Potential therapeutic target identification in the novel 2019 coronavirus: insight from homology modeling and blind docking study

  • Olanrewaju Ayodeji Durojaye (Contributor)
  • Talifhani Mushiana (Contributor)
  • Henrietta Onyinye Uzoeto (Contributor)
  • Samuel Cosmas (Contributor)
  • Victor Malachy Udowo (Contributor)
  • Abayomi Gaius Osotuyi (Contributor)
  • Glory Omini Ibiang (Contributor)
  • Miapeh Kous Gonlepa (Contributor)



Abstract Background The 2019-nCoV which is regarded as a novel coronavirus is a positive-sense single-stranded RNA virus. It is infectious to humans and is the cause of the ongoing coronavirus outbreak which has elicited an emergency in public health and a call for immediate international concern has been linked to it. The coronavirus main proteinase which is also known as the 3C-like protease (3CLpro) is a very important protein in all coronaviruses for the role it plays in the replication of the virus and the proteolytic processing of the viral polyproteins. The resultant cytotoxic effect which is a product of consistent viral replication and proteolytic processing of polyproteins can be greatly reduced through the inhibition of the viral main proteinase activities. This makes the 3C-like protease of the coronavirus a potential and promising target for therapeutic agents against the viral infection. Results This study describes the detailed computational process by which the 2019-nCoV main proteinase coding sequence was mapped out from the viral full genome, translated and the resultant amino acid sequence used in modeling the protein 3D structure. Comparative physiochemical studies were carried out on the resultant target protein and its template while selected HIV protease inhibitors were docked against the protein binding sites which contained no co-crystallized ligand. Conclusion In line with results from this study which has shown great consistency with other scientific findings on coronaviruses, we recommend the administration of the selected HIV protease inhibitors as first-line therapeutic agents for the treatment of the current coronavirus epidemic.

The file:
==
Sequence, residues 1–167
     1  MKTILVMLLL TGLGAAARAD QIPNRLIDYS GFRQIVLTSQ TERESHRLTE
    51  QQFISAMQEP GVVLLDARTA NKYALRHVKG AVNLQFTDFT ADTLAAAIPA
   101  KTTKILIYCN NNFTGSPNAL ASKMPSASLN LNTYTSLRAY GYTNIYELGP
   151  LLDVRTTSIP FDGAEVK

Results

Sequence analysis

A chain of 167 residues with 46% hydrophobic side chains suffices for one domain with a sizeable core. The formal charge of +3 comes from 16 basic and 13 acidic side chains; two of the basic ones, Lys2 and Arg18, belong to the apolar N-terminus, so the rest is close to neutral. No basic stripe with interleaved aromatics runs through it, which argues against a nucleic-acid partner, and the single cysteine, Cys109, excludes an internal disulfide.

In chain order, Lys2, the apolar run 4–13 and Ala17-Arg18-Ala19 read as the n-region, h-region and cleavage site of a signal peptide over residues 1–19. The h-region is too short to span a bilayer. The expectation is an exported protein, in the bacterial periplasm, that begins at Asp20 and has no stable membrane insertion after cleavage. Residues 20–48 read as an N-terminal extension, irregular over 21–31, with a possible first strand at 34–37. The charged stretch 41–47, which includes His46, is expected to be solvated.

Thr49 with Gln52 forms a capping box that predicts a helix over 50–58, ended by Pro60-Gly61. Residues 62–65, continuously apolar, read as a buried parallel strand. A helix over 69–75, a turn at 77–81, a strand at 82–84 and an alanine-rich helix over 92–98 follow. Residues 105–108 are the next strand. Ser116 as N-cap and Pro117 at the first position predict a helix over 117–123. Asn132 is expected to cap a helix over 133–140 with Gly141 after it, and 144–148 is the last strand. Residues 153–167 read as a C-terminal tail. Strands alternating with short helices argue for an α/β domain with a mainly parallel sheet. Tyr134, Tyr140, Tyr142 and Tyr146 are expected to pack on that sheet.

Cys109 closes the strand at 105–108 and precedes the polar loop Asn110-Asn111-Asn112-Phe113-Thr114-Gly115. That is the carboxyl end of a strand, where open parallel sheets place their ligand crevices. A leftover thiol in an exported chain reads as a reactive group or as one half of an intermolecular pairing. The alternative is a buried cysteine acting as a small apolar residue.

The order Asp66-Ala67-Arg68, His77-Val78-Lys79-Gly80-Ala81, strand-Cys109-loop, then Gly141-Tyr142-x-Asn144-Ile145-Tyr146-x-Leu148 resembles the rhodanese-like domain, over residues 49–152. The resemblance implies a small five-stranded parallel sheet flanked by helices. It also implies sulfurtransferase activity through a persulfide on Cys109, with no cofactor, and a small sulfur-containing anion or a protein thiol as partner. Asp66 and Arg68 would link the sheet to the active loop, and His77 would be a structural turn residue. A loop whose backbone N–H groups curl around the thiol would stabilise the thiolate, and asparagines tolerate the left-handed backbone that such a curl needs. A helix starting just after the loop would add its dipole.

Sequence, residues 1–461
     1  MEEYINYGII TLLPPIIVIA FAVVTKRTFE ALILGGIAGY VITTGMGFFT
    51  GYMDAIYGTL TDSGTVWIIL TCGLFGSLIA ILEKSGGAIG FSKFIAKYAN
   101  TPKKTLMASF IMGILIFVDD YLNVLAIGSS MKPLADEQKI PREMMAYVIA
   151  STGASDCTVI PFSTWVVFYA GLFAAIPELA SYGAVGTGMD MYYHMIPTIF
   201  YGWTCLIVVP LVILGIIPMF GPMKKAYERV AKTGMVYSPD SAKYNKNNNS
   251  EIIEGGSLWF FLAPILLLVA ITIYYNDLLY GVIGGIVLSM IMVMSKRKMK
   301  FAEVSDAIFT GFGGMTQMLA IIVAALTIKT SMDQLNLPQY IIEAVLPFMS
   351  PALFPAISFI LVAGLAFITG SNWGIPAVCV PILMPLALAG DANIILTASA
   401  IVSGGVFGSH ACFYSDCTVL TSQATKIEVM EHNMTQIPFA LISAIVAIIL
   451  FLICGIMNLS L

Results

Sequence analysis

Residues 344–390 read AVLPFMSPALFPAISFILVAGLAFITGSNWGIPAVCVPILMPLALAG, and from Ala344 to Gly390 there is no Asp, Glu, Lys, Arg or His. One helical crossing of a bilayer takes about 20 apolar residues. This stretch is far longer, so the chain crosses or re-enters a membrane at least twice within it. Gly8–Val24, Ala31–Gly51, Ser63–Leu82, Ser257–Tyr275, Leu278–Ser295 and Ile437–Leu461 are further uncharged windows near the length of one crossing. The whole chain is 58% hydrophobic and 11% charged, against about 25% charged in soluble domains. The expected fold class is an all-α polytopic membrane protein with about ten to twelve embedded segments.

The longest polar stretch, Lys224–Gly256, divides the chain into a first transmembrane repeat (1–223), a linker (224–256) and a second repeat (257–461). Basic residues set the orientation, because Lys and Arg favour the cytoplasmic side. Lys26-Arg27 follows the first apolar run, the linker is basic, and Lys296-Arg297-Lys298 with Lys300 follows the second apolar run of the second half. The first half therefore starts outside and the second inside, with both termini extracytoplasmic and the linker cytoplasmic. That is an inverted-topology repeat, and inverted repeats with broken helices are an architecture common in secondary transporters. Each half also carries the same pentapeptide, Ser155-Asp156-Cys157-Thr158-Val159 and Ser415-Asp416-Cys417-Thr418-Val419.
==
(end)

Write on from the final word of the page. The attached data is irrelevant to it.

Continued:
Date made available1 Jan 2020
PublisherFigshare - Springer

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